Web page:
On the other hand, I would love to be a (live) Director. Why not CG? … I love actors. I often watch movie that I don’t really like but as long as the actor speaks to me, that saves almost the film for me. Human expressions are something so interesting, so complex, so unique and so subtle that I don’t feel like it’s possible yet to be portrayed with on CG films without losing the subtleties. You can fake subtleties, but the real complexities are lost. But of course, it works like magic for CG cartoon characters. :-)
4.- How much difficult it have been for you to learn the use of your work tools?
I don’t feel like it has been difficult. As long as you love doing what you’re doing, it was learning while I was playing, a win-win! I’ve been doing computer graphic imagery for 6 years now. I’ve started with small project like testing shader on a sphere, mixing with a background, then I tried to lit the scene with shadows, fill lights, gobos so that it would make a much interesting image whatsoever. Then it naturally came to me ‘why not make an original and coherent composition’. When I needed to accomplished a certain technique, I would go to the internet, watch a specific movie or read interviews to find the proper knowledge I was looking for to go from one step to another.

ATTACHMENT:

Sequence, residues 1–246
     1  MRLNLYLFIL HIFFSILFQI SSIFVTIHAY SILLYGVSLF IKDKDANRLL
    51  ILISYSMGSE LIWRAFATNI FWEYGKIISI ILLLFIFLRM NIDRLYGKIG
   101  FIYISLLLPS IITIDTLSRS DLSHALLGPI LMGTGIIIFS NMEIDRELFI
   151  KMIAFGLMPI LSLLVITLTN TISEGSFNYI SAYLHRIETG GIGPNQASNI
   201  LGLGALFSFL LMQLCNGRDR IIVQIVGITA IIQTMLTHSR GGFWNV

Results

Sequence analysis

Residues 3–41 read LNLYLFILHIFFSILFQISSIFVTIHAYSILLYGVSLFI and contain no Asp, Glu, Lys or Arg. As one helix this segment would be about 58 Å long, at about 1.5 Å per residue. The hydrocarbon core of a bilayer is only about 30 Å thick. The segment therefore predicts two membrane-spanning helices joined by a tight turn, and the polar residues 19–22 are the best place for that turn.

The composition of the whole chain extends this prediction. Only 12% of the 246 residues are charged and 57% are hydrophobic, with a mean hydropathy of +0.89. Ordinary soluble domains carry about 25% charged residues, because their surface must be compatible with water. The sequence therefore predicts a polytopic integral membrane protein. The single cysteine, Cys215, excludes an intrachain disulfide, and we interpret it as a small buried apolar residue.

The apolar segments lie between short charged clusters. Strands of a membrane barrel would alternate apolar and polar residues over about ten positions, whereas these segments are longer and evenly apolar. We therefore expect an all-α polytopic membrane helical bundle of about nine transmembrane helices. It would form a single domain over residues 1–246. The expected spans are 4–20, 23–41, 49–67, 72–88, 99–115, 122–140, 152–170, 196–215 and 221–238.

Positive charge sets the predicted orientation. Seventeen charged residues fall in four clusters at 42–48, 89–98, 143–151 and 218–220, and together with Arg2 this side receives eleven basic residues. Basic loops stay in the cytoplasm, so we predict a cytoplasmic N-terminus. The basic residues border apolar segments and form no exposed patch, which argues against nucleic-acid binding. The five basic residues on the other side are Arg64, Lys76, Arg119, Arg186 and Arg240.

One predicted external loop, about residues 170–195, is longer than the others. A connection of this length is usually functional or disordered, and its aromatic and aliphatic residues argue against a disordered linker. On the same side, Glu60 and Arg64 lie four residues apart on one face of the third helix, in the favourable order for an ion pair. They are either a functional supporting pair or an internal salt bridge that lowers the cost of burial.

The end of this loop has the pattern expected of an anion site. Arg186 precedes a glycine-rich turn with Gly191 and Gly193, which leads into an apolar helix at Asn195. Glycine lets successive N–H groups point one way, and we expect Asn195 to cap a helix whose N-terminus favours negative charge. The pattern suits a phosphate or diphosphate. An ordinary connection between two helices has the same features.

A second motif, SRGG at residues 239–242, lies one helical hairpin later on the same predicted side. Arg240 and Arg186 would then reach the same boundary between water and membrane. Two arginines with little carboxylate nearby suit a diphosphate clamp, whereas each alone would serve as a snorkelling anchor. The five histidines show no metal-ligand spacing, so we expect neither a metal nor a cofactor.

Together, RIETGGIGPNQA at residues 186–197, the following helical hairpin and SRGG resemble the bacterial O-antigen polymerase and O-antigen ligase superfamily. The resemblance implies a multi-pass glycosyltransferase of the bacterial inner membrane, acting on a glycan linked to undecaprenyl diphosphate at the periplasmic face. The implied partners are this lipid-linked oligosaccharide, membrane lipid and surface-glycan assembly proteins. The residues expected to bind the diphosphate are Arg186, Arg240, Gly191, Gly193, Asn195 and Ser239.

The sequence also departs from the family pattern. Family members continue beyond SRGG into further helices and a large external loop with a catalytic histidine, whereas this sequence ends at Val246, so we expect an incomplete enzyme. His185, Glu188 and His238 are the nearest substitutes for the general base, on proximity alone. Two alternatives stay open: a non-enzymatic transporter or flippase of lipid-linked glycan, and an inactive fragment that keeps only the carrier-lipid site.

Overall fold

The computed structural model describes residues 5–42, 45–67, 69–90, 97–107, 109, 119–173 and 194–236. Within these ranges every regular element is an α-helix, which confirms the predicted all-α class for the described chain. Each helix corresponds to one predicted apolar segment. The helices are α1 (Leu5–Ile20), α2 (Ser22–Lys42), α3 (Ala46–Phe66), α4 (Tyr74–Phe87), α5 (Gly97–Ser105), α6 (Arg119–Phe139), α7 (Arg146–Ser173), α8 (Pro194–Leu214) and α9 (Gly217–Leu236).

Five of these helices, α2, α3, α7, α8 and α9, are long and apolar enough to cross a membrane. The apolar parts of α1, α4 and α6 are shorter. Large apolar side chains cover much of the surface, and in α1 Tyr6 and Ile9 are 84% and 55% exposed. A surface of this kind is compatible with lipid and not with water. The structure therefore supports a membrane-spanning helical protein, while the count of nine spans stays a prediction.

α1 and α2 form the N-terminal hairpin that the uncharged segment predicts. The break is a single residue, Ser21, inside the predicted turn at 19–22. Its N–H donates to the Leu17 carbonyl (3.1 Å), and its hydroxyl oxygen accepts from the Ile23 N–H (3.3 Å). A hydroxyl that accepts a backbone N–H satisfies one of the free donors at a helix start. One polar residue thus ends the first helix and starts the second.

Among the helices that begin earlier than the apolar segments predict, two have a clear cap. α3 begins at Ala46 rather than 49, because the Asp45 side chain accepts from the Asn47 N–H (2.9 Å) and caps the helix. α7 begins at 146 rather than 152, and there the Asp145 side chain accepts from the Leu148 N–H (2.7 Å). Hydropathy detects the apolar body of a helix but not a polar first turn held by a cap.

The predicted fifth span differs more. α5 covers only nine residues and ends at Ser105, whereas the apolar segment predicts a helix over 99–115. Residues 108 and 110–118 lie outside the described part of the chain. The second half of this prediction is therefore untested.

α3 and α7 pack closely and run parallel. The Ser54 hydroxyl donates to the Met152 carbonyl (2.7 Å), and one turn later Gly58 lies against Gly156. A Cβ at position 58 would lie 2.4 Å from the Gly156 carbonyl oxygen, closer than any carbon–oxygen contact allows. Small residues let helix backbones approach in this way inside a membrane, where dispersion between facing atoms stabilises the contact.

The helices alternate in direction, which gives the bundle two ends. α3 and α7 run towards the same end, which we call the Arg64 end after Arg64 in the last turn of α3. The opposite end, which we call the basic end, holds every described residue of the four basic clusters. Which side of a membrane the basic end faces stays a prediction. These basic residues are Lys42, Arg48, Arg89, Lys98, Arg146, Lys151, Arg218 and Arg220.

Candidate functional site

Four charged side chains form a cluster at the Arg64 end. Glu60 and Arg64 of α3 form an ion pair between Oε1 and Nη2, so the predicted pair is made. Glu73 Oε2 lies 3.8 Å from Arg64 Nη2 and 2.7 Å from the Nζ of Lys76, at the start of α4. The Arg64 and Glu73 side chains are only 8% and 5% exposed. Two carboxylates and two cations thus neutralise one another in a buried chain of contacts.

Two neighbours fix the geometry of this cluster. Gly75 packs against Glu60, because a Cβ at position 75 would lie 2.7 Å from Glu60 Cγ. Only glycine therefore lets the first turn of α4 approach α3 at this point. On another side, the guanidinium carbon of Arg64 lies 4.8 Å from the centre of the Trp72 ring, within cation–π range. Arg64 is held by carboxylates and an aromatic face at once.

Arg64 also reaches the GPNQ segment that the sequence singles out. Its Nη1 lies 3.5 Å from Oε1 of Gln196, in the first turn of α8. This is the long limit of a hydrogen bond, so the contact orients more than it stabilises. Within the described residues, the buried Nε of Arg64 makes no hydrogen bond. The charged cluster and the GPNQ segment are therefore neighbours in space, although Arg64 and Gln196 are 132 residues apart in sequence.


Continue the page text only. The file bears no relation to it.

As long as you’re not giving up on the first wall you’re gonna be faced with, that you’re fighting with enthusiasm your way to avoid or break that obstacle, I believe, you’re good to go!
5.- What would you like to be instead of be CG Artist?
Director of Photography or (live) Director. I don’t consider myself as a CG Artist. I do live photography, I do live video and I recently finished my first professional video clip as both Director and DP, with a real actress/model, real lighting rig, and an real camera. That was one of the best experience of my life! It was so exiting to be in charge of all that, focusing on the character I have shooting, working without the use of the undo button, finding the solution on the spot! … but most of all, when you have your character on the camera, when you’re playing with her or him, asking her to do certain move, or that she/he do something totally unplanned and that works… that’s when you ‘really’ love your job! It’s always about your characters!